CC: In terms of my research topic she’s actually in an interesting intermediate position: she establishes clear rational principles but doesn’t see these as being in opposition to the outside world in terms of the foundation of knowledge, i.e. she does take sensory perception into account as constituting the substance of knowledge. So she’s not a classic “rationalist” in the same way as Descartes, for example. But it’s certainly true that she’s greatly underestimated – and in particular poorly researched. Her works are at least as interesting as those of Leibniz or Wolff, but if you simply compare the volume of research literature it’s shocking to see how little attention has been paid to her. Even despite her disadvantaged status as a woman at the time, du Châtelet was considerably influential in historical terms: for example, her definitions were included in d’Alembert and Diderot’s Encyclopedie – a key work of reference at the time. The fact that her main work has not even been published in its entirety in German or English to date is scandalous in itself and casts an unflattering light on how the works of women have been treated historically and academically.

DFG: Bearing in mind one particular biographical episode in du Châtelet’s life and Voltaire’s role in it, it’s surprising the story hasn’t been picked up on by Hollywood. Only one French television production exists to date – Divine Émilie by Arnaud Sélignac, a man. As a woman, don’t you feel like writing a script from du Châtelet’s perspective – or perhaps you already have one up your sleeve?

CC: Well, the main thing is that people read and understand her works, of course! But seriously: no, I’m interested in du Châtelet from the perspective of philosophy and in terms of whether she contributed to the epistemology of the early modern period. That script would have to be written by a director interested in biography. But I’d still be interested to see the film!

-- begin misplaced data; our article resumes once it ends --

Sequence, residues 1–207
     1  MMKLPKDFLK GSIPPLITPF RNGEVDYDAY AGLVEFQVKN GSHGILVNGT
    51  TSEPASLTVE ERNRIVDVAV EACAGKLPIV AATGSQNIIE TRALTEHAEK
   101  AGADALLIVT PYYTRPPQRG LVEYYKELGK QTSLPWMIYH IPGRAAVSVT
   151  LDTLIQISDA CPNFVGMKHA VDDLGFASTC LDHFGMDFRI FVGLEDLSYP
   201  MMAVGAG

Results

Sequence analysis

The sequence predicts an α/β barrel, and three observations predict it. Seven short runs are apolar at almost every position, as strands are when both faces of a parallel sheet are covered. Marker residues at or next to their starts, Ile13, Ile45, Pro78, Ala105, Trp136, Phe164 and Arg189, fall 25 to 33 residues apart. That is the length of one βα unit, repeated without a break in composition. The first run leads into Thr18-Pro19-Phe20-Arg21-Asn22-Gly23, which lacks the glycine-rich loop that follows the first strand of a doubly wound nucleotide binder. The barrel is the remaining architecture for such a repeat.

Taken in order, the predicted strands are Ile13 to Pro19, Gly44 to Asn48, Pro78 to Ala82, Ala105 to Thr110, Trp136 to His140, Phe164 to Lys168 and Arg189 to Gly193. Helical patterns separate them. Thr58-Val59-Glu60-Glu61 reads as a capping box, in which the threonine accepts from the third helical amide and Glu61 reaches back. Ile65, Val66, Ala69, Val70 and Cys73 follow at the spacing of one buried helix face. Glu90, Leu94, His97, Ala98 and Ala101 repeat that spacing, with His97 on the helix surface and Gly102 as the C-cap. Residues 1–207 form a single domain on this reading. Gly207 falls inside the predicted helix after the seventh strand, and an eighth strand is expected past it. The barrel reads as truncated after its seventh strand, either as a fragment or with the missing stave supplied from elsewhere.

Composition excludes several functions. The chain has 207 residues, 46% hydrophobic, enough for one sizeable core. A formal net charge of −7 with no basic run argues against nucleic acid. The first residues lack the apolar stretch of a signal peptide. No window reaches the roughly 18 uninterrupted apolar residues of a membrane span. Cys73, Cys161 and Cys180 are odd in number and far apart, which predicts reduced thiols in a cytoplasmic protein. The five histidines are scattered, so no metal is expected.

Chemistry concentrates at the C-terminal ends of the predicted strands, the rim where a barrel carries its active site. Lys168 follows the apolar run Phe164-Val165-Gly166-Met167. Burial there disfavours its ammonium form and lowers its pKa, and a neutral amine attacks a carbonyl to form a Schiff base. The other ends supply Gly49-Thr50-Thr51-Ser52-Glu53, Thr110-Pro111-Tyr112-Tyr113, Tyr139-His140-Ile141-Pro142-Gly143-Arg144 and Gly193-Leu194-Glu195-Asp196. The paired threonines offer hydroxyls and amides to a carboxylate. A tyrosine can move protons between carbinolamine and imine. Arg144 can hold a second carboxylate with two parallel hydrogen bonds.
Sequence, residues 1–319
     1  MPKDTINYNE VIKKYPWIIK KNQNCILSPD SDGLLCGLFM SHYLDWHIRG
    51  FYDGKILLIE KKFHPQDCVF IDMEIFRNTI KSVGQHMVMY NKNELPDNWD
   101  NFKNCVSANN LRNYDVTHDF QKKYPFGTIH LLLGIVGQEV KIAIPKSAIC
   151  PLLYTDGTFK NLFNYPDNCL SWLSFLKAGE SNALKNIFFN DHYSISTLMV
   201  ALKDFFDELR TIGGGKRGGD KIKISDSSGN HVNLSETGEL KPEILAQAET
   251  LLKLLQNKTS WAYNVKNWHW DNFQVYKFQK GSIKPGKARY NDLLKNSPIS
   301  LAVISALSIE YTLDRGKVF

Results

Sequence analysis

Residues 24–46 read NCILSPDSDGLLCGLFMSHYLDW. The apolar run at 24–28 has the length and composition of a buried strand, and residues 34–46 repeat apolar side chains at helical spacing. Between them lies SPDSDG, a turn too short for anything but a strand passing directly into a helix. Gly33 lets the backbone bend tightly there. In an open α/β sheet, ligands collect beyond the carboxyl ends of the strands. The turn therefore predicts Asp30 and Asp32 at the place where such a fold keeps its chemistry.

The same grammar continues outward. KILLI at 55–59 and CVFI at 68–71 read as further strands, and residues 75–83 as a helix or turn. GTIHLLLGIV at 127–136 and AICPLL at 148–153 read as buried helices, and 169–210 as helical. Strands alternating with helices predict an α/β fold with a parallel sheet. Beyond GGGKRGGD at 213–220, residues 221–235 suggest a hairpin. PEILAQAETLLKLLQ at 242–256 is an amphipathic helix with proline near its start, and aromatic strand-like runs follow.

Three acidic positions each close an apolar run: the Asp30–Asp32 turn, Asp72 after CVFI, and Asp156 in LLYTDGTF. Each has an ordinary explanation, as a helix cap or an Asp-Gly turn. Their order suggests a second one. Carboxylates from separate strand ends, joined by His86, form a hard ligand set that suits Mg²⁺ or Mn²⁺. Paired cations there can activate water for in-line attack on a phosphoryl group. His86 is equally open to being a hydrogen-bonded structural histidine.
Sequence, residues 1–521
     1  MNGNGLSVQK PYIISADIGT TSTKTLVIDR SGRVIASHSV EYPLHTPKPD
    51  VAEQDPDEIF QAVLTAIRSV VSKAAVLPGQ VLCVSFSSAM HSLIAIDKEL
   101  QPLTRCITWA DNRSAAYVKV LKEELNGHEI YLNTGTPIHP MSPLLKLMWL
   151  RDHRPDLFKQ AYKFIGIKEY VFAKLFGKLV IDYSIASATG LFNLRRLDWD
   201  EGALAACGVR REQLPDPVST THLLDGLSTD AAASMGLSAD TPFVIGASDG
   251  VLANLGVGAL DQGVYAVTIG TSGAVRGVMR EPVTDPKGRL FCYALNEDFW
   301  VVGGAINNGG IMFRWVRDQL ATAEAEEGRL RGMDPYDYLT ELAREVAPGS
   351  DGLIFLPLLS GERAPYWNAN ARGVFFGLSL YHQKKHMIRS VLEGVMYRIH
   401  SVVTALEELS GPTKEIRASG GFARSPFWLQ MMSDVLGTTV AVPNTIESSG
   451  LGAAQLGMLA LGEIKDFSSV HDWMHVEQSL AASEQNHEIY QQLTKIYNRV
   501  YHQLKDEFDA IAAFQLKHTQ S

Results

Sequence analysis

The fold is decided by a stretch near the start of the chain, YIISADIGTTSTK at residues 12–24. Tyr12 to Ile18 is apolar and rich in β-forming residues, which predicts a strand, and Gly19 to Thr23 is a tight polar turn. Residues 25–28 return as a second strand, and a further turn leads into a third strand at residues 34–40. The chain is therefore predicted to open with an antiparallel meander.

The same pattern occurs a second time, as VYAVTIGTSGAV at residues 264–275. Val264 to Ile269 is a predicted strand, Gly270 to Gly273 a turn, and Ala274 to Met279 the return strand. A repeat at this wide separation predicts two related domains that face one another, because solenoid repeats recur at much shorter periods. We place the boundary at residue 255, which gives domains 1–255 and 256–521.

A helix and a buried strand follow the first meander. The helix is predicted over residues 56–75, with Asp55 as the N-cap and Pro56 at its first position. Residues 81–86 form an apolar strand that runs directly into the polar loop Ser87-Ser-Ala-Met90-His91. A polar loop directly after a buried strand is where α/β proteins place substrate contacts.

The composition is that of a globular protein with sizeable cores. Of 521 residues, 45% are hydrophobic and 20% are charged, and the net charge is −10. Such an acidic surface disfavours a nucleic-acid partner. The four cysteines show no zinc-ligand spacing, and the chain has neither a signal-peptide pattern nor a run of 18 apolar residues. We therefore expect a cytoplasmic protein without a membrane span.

DFG: You work with texts in Latin (Descartes), French (Leibniz, du Châtelet) and German (Kant). To what extent do you see languages as instruments of knowledge, and to what extent are they rather imprecise tools of communication as compared to mathematics, for example?

CC: Language is of course the vehicle of academic discourse in philosophy. I believe it is possible for a person to have thoughts without necessarily putting these into academic language or having the capacity to do so. But I’m interested in academic discourse too, and fortunately I don’t think language is a problem for me. The fact that the sources are written in different languages can be bothersome in some respects, but it’s a fact, so you have to learn these languages in order to understand the text correctly. Once again, I consider myself lucky because I find it easy to understand and learn foreign languages.

DFG: You grew up in Baden, in the wine-growing region of the Kaiserstuhl hills, so let’s talk a bit about wine: is there really truth in wine, as the Latinists claim? And if so, are some wines more truthful than others?

CC: It’s certainly not the case that there is truth in wine. However, wine does offer the opportunity of avoiding life’s causative factors – and therefore the emotions and worries that facts tend to involve. In this sense, wine can act as a release and an aid in imperfect times. It can sometimes give you a clearer view of certain things. It also serves to lighten the mood at parties and add a certain light-heartedness to the conversation about life. Personally, I particularly appreciate the white wines from my homeland – though that’s not something that Baden winegrowers like to hear any more. In terms of red wines I tend more to France and Spain – and also Portugal, which I believe is still very much underestimated as a wine-producing country.